Ethics of care pioneer shares ideas on education
Wanda Cassidy, 778.782.4484, 778.836.8364 (cell); firstname.lastname@example.org
Ann Chinnery, 778.782.8123, 604.817.7159 (cell); email@example.com
Kumari Beck, 778.782.8599, 604.649.2197 (cell); firstname.lastname@example.org
Marianne Meadahl, PAMR, 778.782.9017, 604.209.5770 (cell); Marianne_Meadahl@sfu.ca
Note: Noddings is available for interviews briefly after her talk in Surrey and prior to her talk in Burnaby.
Nel Noddings, a pioneer in the theory and practice of the ethics of care in schools, will visit Simon Fraser University on Nov. 16 to promote peace education and its potential role in transforming classrooms.
Noddings will meet with teacher education students at SFU’s Surrey campus from 10:30 – 11:20 a.m. (rm 2600) and later in Burnaby from 5 – 6:30 p.m. (rm 126 Halpern Centre) to discuss her philosophy and how it has evolved over the past five decades.
Kel McDowell, a recent education graduate whose doctoral research focused on the ethics of care, will facilitate the Burnaby dialogue.
One of educational philosophy’s most influential leaders, Noddings is a professor at Columbia University and a professor emerita at Stanford University.
Her 1984 book Caring: A Feminine Approach to Ethics and Moral Education and others, including The Challenge to Care in Schools (1992), Happiness and Education (2003) and The Maternal Factor: Two Paths to Morality (2010) have helped shape educational thought and practice.
Noddings’s work inspired a group of education professors at SFU to carry out their own research in the field and work towards changing school priorities and practices.
They recently completed a study with teachers and administrators from several Lower Mainland school districts who applied ethics of care practices in their respective schools, with significant results.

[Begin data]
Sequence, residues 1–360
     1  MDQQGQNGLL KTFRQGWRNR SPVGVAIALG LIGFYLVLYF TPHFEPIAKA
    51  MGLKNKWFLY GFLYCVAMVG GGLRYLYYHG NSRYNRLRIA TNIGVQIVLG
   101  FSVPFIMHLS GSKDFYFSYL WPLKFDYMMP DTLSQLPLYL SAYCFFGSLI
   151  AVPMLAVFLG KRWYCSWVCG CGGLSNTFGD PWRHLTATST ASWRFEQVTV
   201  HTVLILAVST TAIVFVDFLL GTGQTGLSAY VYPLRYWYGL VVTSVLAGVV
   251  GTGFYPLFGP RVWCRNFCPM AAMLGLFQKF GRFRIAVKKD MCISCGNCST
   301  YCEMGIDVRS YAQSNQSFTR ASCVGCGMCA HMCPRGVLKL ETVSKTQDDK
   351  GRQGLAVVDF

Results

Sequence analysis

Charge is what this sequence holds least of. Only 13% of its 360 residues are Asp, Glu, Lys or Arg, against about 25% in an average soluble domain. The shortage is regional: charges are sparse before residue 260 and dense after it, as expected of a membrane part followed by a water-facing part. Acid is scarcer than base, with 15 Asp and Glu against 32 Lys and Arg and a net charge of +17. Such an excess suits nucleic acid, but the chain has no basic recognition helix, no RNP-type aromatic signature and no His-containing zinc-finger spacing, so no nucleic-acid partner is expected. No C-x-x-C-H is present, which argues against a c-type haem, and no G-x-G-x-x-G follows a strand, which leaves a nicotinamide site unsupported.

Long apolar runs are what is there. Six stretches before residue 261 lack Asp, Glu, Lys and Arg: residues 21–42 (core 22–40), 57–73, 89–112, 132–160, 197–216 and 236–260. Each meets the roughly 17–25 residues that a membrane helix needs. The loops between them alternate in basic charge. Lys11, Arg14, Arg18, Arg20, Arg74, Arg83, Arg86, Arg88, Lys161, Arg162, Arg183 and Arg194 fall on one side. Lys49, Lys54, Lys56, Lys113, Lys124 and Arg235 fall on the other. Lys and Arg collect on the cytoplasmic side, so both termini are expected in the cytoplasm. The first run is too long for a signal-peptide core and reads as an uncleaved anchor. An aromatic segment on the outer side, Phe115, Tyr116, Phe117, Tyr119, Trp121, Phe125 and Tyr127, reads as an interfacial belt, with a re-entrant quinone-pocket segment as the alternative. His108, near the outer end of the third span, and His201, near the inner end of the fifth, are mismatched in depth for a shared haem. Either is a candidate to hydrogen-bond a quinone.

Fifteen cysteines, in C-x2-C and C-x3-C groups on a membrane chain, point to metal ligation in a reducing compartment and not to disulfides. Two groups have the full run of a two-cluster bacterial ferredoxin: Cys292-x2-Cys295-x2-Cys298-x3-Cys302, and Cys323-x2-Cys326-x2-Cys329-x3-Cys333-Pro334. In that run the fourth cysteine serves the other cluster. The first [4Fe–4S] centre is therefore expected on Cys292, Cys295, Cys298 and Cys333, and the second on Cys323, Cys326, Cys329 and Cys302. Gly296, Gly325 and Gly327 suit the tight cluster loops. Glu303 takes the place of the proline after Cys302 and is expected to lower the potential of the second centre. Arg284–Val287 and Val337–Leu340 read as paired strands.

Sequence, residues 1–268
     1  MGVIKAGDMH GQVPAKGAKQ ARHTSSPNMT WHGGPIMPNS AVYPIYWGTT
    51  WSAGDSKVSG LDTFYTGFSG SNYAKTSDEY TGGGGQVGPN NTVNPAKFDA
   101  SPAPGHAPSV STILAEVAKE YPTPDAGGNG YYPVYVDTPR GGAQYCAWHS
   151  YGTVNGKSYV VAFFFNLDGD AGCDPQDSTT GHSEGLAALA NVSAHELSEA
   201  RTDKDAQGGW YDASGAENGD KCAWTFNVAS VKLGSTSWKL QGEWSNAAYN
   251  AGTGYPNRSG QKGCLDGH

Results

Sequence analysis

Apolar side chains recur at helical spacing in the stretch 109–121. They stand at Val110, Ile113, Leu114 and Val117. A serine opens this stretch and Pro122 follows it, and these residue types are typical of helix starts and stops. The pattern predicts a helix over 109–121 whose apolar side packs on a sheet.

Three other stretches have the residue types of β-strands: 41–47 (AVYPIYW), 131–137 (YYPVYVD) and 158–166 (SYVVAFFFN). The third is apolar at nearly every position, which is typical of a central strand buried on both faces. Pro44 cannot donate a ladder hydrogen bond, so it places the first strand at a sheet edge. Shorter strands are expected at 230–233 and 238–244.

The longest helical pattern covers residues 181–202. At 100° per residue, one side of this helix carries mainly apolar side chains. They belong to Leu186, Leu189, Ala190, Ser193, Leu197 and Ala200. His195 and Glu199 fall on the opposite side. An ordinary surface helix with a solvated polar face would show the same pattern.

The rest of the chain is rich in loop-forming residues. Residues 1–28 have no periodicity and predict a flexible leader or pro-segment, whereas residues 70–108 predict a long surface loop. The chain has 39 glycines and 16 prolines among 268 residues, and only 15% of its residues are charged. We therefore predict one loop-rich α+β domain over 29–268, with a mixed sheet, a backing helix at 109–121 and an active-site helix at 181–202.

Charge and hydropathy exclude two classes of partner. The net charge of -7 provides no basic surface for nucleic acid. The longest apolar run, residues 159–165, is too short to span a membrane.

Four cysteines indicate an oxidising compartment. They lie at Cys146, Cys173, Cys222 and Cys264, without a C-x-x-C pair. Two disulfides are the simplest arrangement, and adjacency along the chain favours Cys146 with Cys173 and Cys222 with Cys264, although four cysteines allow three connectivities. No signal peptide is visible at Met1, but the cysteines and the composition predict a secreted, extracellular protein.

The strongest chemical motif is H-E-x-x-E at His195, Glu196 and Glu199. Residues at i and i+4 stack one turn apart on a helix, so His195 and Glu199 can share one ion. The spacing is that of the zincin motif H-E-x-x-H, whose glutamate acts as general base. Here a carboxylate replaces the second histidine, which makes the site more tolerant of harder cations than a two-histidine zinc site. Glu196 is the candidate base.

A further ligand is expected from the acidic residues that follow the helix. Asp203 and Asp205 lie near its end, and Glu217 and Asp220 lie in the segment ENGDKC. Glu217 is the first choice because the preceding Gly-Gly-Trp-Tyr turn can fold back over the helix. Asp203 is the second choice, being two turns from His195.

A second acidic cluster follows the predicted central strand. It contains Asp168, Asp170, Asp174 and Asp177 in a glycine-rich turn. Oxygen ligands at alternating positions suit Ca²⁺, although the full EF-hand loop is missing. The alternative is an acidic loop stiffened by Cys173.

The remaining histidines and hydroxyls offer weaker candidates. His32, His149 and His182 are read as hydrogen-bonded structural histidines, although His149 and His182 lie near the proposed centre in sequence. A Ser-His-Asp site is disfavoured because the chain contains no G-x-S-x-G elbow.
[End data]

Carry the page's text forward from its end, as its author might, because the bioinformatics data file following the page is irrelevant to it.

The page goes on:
The study is the subject of an award winning DVD called Dare to Care in Schools.
“Noddings’ work has been influential in redirecting schools towards what is really important in the education of our children,” says Cassidy, who is also a consultant to a school for high-need, at-risk students.
“It’ not enough to teach the content of subject areas. Educators need to build positive relationships with students and cultivate a school climate where caring for others is modelled, practiced and confirmed.”
Cassidy’s own research on cyber-bullying has moved from looking at bullying online to examining online caring. She is currently applying Noddings’ ethic of care principles as a framework for examining solutions to cyber-bullying.
The ethics of care theme has been introduced into many of the Faculty of Education’s existing courses and is highlighted in its teacher education programs.
SFU educational philosopher Ann Chinnery, whose research focuses on teacher education, notes that Noddings’ work “has played a vital role in the preparation of teachers for work in increasingly diverse classrooms.” More than 240 students have participated in an ethics of care workshop offered by colleague Kumari Beck.